Aboriginal high schoolers get taste of UAlberta student life
(Edmonton) Leaving the tight-knit world of high school for a large campus teeming with strangers can be scary for a new student.
That’s why each spring, First Nations, Inuit and Métis high school students from across Alberta are welcomed onto the University of Alberta campus for Aboriginal Student Discovery Day, happening this year on March 15. Packed with events ranging from Lister residence tours to a booth fair, the day is aimed at helping wide-eyed high schoolers feel more at ease taking the next step into the world of higher education.
“We want to give them the experience of finding out what post-secondary education is all about,” said Freda Cardinal, Aboriginal student recruitment co-ordinator for the U of A.
During their whirlwind day on campus, about 60 students from Aboriginal communities are being treated to a formal welcome and opening prayer given by an elder, campus tours and a choice of class sessions ranging this year from time spent with U of A indigenous artist-in-residence Jordan Bennett, to a Faculty of Native Studies seminar comparing historical fact versus Hollywood fiction about General George Custer. Other sessions explore career options in the Faculty of Nursing, look at water quality issues through Engineers Without Borders, and introduce “Tips on TYP,” the U of A’s Transition Year Program for Aboriginal students.
“The students get to see the opportunities that a U of A education provides and it gives them a feel for what a university is. Post-secondary is such a big and scary world. Bringing the kids to campus and giving them a taste of real-life experience takes that fear away.”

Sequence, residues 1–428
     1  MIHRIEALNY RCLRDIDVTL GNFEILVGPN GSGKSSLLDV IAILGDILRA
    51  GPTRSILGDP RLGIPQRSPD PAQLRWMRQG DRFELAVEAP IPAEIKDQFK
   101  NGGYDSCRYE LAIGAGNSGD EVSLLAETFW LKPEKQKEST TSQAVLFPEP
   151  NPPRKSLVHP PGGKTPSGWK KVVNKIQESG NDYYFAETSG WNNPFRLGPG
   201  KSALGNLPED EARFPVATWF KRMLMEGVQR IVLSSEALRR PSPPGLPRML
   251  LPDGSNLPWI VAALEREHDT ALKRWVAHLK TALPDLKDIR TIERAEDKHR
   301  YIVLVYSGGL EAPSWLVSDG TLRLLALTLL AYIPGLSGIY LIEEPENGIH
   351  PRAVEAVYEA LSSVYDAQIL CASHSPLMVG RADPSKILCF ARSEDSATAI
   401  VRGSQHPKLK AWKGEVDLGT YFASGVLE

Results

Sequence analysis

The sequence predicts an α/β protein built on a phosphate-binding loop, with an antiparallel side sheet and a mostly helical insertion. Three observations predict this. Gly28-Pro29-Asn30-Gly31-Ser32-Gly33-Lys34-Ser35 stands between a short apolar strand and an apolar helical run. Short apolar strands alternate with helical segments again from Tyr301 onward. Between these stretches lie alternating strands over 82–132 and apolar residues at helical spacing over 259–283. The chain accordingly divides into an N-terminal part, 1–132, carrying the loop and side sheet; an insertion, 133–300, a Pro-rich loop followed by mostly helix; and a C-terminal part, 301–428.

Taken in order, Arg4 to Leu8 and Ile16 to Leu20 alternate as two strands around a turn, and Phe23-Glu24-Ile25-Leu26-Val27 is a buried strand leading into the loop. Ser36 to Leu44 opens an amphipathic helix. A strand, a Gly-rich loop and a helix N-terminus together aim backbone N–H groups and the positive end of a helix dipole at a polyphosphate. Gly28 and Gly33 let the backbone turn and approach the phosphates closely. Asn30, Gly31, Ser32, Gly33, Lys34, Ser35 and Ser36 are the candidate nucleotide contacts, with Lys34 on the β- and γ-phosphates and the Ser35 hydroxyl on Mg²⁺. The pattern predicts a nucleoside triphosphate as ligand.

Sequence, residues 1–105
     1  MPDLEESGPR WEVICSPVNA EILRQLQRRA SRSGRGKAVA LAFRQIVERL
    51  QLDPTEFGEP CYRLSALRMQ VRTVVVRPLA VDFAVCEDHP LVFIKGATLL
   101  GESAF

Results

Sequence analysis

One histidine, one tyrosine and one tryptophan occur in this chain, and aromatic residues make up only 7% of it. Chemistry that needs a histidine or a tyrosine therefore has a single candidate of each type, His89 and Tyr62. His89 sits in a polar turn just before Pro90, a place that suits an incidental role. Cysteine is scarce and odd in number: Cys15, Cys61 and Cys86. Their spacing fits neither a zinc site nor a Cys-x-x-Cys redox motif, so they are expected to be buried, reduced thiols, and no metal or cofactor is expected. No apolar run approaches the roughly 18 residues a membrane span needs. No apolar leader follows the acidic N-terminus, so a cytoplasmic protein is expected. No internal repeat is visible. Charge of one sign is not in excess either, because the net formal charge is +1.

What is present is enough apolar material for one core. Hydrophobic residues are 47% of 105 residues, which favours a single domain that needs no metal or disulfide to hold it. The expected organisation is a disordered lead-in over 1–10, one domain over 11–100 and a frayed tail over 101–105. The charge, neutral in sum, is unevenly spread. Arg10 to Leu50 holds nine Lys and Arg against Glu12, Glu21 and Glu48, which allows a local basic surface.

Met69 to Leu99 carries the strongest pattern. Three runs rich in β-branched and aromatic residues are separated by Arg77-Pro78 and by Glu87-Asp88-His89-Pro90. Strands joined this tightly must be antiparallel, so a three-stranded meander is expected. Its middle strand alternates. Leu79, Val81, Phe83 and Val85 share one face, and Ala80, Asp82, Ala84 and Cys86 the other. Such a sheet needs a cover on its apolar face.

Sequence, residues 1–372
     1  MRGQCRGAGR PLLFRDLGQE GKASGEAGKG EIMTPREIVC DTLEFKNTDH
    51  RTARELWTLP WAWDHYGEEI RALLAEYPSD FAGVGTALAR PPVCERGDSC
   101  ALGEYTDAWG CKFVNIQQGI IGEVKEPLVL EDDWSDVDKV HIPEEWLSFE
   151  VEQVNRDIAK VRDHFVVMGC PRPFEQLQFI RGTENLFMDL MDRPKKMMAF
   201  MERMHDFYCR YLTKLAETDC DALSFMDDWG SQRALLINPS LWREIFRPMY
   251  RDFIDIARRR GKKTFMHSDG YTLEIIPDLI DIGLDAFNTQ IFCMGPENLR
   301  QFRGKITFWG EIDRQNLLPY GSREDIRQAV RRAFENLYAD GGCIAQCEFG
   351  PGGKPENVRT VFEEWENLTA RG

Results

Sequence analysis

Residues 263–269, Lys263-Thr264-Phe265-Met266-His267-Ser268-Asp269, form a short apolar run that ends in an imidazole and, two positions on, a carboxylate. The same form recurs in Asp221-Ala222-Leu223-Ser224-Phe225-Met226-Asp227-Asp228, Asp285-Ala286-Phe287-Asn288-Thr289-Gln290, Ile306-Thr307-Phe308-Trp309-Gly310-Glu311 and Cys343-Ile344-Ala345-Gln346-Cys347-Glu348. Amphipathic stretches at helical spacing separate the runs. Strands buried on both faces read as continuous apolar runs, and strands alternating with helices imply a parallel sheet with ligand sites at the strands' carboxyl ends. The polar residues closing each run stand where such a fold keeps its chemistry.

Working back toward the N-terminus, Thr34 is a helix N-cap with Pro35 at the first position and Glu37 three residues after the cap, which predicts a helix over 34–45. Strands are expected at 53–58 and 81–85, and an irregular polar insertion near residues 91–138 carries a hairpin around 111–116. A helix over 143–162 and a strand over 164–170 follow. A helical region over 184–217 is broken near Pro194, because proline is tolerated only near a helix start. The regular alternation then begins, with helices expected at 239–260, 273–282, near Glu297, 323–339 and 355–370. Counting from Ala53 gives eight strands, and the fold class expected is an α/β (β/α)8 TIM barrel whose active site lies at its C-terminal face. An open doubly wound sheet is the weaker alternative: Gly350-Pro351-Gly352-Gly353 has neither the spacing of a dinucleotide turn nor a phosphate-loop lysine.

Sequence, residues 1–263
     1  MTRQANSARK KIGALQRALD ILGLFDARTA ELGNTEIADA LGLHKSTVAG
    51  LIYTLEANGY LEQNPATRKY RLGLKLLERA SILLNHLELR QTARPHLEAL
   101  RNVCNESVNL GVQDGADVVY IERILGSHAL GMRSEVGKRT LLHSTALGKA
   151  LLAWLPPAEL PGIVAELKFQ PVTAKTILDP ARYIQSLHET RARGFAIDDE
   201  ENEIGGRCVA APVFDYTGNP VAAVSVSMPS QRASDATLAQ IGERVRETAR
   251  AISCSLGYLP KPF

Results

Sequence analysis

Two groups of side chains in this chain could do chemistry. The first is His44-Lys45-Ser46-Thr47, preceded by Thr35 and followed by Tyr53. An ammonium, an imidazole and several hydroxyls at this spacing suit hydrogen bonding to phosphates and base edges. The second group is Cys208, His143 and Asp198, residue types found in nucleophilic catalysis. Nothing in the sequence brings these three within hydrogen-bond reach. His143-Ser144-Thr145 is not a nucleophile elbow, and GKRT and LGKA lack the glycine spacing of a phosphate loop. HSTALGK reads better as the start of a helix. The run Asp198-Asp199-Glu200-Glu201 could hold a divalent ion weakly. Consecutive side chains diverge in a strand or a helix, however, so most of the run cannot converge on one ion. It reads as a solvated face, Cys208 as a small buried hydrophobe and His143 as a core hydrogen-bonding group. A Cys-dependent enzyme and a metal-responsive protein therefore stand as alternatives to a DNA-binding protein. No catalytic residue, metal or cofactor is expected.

Compliments of U of A Residence Services, the students also receive a ONEcard for the day, which they use to eat lunch in the Lister cafeteria, before trooping off to a booth fair that shows the nuts and bolts of university life. There, several faculties share information on their programs, along with the Aboriginal Student Services Centre and other student support groups.
“It is important to give the students time to find out about the campus programs and resources available to them, as well as the things that are part of being a U of A student, like admissions, support services and student life,” Cardinal said.
The day ends with a panel discussion, in which current Aboriginal students share their U of A experiences with the young visitors and answer questions, then a closing prayer and a celebratory round dance.
Cardinal hopes students leave campus with new confidence and a hunger to return after high school graduation. “We’ve given them a connection to the University of Alberta community that we hope endures.”